WASHINGTON - The Philadelphia host committee for the Democratic National Convention will not release its donors' names until 60 days after the event, a key official said Tuesday, despite a recent state open records ruling saying the information should be made public.
The host committee, which is raising money to help pay for the city's costs for hosting the national Democratic rally next month, will follow federal law that requires it to disclose donors 60 days after the convention, said Kevin Washo, executive director of the committee.
"That's a host committee decision," he said at a news conference at the National Press Club. He said Democrats would follow the same process likely to be used by the fund-raising committee gathering money to help Cleveland host the Republican National Convention.
"The donors will be made public," Washo said. "We will file 60 days after the convention with all of our donors and all of the accurate amounts ... just like every other convention in the past 25 years."
He said that Federal Election Commission filing - "after the dust settles" - would allow an accurate comparison between the Democratic and Republican events.
Philadelphia's host committee, however, did reveal its donors in advance of the 2000 Republican National Convention in the city.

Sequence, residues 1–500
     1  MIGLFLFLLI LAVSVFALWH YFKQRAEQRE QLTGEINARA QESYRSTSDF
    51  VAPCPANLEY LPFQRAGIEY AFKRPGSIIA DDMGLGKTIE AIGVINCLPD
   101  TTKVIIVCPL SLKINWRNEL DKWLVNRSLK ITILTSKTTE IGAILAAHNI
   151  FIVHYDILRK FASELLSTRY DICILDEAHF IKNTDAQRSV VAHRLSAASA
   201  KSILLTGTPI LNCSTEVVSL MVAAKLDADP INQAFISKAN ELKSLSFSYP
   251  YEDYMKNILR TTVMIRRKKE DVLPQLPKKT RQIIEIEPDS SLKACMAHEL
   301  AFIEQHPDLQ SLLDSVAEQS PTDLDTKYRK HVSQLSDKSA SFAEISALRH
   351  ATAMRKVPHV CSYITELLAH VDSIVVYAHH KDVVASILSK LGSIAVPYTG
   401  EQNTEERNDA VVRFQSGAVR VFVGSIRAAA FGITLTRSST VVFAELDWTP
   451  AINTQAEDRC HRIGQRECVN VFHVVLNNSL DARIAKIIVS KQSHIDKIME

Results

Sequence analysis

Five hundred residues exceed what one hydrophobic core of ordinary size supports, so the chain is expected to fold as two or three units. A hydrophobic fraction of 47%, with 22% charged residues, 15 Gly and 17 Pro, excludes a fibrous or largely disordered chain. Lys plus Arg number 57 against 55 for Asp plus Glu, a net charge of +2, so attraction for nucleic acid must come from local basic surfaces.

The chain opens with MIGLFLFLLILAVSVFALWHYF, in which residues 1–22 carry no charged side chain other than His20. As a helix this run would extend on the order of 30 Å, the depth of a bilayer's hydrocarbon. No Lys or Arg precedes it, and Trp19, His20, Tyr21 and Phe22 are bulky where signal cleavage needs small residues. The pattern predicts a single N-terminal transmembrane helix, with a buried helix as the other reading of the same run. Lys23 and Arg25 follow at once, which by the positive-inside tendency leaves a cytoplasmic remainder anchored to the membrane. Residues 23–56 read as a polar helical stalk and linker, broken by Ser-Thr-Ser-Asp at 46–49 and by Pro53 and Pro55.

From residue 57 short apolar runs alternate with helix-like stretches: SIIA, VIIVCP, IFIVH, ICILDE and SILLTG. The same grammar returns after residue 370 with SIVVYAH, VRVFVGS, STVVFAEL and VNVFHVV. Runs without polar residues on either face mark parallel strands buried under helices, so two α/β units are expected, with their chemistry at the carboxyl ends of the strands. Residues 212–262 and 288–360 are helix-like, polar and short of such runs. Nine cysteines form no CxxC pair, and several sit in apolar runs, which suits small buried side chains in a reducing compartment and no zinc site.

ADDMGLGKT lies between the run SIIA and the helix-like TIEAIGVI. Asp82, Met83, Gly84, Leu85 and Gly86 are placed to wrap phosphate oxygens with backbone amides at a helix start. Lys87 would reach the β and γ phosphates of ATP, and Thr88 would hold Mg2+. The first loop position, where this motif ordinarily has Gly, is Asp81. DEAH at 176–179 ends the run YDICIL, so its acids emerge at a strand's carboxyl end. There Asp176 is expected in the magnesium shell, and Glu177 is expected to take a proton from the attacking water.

Last week, the state Office of Open Records said fund-raising reports for the Democratic event should also be made public. The office gave the Philadelphia Authority for Industrial Development (PAID) 30 days to respond to the ruling.
PAID has guaranteed a $15 million line of credit for the convention's host committee, and receives quarterly reports with donor names, amounts, and spending.
The Inquirer and freelance reporter Dustin Slaughter have sought the reports through Pennsylvania's Right-to-Know Act.
Philadelphia's host committee is still nearly $10 million short of its $64 million fund-raising goal, Washo said.
But he said the group expects to close that gap. He said many major projects continue raising money throughout the process.
"There is no shortfall," Washo said. "We're just talking about where we have to go."
Mayor Kenney, meanwhile, assured reporters at the same event that the city is prepared for any protests that may ensue.
He said the city is making arrangements for protesters to have space immediately across from the Wells Fargo Center, site of the main convention events.
"We want to make sure that people have an opportunity to express their First Amendment rights as loud and as long as they like, and make sure that everyone is kept safe in that process also," he said.